Flushing Pipes – Does it Work? A Simple Science Experiment

Some health departments recommend flushing your pipes before using your tap water.  This is because as water sits idle in pipes, it is possible that it could absorb materials from the plumbing system.  The best way to avoid ingesting any of this contaminated water is to flush the pipes by letting your water run for a few minutes before using it.

We decided to see how effective this was by conducting a simple experiment.  We used  Test Assured’s 4 Test Kit Set for Schools and Science Fairs to test water samples that had been collected after flushing the pipes for varying amounts of time.  This test set includes 4 test kits and can be used by children in grades three through twelve to perform water tests that can be used for school science experiments.

Supplies

The first thing you need to do is gather your supplies:

  • Test Assured 4 Test Kit Set with TD Meter
  • Tap water
  • Paper towels

Test Assure 4 Test Kit with TDS Meter

Preparation

Before you start testing, you’ll need to prepare your water samples.  For this experiment, you will create four samples:

  1. ½ cup tap water collected immediately after faucet is turned on – this is the control sample
  2. ½ cup tap water collected after faucet has been flushed for 1 minute
  3. ½ cup tap water collected after faucet has been flushed for 3 minutes
  4. ½ cup tap water collected after faucet has been flushed for 5 minutes

Collect your samples in a mug or glass and set aside to complete the TDS test before pouring samples into the vials.

Feel free allow the water to run for any length of time.  You can even use a second testing kit to test more samples.  No matter how long you let the water run, don’t forget to label your vials and write down the corresponding sample information in the results notebook.

Testing

The first test you want to start with is for total dissolved solids, using the TDS meter.  The meter will not fit in the test vials, so it is easier to complete this part of the experiment before transferring your samples to the vials.  To perform the TDS test, simply turn on the meter and submerge the prongs in the samples. Rinse the meter with clean water and pat dry between each test. Record your results in the results notebook.

We placed the meter directly in the mug to get a reading for total dissolved solids.

After completing the TDS test, you will need to pour your samples into the vials you labeled.  Fill each vial to within a ¼” of the top.  Be sure to wipe up any spills, so you don’t contaminate the test strips.

Organize your samples and test strips before starting the rest of the tests.

Before you get started with the tests, now is a good time to make some visual observations. You may notice that some of the samples are cloudy or contain particles.  These observations can be written in the “Notes” on the last page of the results notebook.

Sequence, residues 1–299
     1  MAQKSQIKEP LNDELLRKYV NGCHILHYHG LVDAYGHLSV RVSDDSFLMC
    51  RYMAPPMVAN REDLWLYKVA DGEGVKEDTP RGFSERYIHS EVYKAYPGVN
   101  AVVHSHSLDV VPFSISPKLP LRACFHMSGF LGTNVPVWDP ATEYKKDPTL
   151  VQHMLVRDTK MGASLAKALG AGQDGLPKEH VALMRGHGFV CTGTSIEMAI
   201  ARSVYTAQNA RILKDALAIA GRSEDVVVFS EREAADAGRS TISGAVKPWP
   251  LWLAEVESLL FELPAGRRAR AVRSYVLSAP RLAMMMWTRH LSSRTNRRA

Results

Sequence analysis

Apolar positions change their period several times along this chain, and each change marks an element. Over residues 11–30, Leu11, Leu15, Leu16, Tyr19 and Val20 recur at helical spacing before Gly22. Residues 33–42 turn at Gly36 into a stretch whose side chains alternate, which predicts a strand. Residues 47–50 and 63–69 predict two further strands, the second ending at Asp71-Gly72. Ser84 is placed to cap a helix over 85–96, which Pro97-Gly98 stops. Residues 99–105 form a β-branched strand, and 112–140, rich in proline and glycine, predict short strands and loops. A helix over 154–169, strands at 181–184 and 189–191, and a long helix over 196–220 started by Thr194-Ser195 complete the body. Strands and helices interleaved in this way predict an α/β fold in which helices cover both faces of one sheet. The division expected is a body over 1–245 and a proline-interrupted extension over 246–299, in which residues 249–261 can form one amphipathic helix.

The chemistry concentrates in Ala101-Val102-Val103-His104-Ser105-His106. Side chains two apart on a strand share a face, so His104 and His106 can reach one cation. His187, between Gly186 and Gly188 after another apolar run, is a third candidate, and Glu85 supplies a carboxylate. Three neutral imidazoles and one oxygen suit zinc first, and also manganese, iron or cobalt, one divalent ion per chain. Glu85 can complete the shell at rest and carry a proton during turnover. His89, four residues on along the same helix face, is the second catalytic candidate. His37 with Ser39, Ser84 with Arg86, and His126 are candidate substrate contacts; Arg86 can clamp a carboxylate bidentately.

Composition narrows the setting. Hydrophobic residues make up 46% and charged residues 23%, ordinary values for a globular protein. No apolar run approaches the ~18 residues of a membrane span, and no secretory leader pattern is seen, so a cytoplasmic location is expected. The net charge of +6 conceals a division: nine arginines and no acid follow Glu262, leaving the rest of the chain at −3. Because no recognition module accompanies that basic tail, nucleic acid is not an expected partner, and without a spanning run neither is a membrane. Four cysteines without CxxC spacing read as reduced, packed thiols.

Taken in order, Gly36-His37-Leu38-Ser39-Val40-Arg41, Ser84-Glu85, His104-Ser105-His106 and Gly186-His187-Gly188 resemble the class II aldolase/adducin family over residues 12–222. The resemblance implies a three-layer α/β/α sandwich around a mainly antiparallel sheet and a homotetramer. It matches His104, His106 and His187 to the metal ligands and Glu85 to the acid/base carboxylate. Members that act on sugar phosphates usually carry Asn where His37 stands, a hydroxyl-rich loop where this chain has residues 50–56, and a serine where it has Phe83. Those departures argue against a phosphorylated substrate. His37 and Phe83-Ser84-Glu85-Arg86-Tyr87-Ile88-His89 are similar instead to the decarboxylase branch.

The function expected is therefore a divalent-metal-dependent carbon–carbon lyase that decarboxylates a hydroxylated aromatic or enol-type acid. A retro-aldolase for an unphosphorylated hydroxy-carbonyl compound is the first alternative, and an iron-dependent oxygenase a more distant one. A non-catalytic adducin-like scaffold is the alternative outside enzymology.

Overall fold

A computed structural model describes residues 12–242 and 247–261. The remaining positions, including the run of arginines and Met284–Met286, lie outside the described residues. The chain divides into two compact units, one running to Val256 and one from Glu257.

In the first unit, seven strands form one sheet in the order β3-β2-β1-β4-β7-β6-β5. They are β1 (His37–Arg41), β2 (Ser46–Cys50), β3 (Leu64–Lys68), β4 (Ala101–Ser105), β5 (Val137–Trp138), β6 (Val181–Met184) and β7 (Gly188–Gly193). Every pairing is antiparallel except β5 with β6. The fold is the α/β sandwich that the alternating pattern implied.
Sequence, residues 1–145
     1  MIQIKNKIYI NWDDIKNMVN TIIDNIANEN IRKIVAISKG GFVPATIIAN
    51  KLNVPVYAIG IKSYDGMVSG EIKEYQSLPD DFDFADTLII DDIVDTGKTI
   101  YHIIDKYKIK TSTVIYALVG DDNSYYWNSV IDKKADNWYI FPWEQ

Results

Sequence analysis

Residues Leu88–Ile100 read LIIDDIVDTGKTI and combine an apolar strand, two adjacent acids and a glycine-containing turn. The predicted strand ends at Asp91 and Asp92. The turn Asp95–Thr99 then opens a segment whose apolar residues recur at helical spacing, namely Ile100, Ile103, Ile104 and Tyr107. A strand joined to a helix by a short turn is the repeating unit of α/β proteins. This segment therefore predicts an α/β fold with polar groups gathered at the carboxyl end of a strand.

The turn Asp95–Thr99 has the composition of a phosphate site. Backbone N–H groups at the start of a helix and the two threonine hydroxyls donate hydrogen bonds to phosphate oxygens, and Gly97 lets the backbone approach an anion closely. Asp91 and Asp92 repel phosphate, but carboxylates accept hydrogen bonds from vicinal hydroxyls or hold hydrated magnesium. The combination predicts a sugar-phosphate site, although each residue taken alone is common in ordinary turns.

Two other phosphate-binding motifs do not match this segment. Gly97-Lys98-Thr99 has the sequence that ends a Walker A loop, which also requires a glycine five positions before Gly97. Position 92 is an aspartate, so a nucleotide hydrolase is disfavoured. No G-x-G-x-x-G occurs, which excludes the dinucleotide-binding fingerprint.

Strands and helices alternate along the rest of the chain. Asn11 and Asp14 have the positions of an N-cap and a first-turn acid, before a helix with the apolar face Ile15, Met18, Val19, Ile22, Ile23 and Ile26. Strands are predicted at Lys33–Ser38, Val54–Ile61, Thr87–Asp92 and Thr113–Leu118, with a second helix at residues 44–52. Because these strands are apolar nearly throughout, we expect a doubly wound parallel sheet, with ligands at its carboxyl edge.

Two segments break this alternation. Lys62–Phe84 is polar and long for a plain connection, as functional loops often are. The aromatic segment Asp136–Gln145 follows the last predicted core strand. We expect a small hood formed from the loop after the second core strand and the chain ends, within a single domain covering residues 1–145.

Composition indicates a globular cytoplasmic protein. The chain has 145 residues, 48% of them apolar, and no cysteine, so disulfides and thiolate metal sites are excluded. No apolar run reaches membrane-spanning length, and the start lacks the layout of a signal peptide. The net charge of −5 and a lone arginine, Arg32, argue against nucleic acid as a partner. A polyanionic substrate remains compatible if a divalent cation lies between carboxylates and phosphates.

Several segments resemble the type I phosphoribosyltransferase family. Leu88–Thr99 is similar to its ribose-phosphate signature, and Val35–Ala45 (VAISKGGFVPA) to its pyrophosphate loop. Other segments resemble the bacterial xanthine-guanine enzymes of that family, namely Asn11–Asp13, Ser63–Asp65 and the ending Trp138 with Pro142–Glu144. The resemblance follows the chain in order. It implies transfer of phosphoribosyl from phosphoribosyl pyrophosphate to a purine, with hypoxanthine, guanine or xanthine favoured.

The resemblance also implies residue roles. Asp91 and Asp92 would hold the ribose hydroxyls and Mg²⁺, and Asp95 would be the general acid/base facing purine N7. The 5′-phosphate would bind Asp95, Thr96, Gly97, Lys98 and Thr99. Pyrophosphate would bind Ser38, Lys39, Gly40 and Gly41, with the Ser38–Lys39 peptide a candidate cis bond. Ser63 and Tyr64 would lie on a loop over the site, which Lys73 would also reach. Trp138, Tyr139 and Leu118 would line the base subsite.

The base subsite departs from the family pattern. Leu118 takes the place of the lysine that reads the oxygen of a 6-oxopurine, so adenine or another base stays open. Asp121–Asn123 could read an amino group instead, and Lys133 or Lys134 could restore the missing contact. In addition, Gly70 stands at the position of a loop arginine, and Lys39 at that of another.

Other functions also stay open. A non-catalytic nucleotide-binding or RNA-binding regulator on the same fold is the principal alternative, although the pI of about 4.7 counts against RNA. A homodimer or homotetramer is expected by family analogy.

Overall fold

Now you’re ready to get started with the rest of the tests. Follow these instructions to complete the remaining tests.

Alkalinity/pH/Hardness Test

  1. Remove the test strip from the packet labeled, “ALK/pH/Hard”
  2. Pick up the strip on the end with no pads
  3. Dip the strip in the sample for one second and remove
  4. Hold the test strip level and wait 10 seconds
  5. Place the strip as shown in the picture and compare to the color chart for alkalinity, pH, and hardness
  6. Record your results in the results notebook

Place the strip as shown for the Alkalinity/pH/Hardness Test

 Total Chlorine/Copper/Nitrate/Nitrite Test

  1. Remove the test strip from the packet labeled, “CL/CO/NA/NI”
  2. Pick up the strip on the end with no pads
  3. Dip the strip in the sample three times and remove – DO NOT SHAKE OFF EXCESS WATER
  4. Hold the test strip level for 2 seconds
  5. Place the strip as shown in the picture and compare to the color chart for chlorine and copper
  6. Wait 45 seconds before reading the results for nitrate and nitrite
  7. Record your results in the results notebook

 

Place the strip as shown for the Chlorine/Copper/Nitrate/Nitrite Test

Iron Test (Complete this test last)

  1. Remove one iron reagent tablet from the foil packet and place in test vial (the reagent could alter the results of other tests which is why the iron test is completed last)
  2. Place the cap on the test vial and shake for approximately one minute, until the tablet is completely dissolved
  3. Remove the test strip from the packet labeled, “Iron Test”
  4. Dip the strip in the sample for 2 seconds
  5. Shake the strip once and wait 60 seconds
  6. Place the strip as shown in the picture and compare to the color chart for iron
  7. Record your results in the results notebook

Place the strip as shown for the Iron Test

 Repeat all three tests for each of your samples.

Results

Now that you have completed each of the four tests on your samples, it’s time to look at your results.  Ask yourself these questions:

  • Did flushing the pipes change the appearance of any of the samples?
  • Did flushing the pipes affect the test results for any of the samples?
  • Was there an optimal time to flush the pipes that improved water quality?
  • Based on your results, do you think flushing pipes is an effective way to make water safer to drink?
  • What results did you find the most surprising?

Record your answers on the “Notes” page.  If you are using this as a science fair project, you can use clear tape to fix the test sticks to the color charts to display your results.

 

 

 

Leave A Comment

Your email address will not be published. Required fields are marked *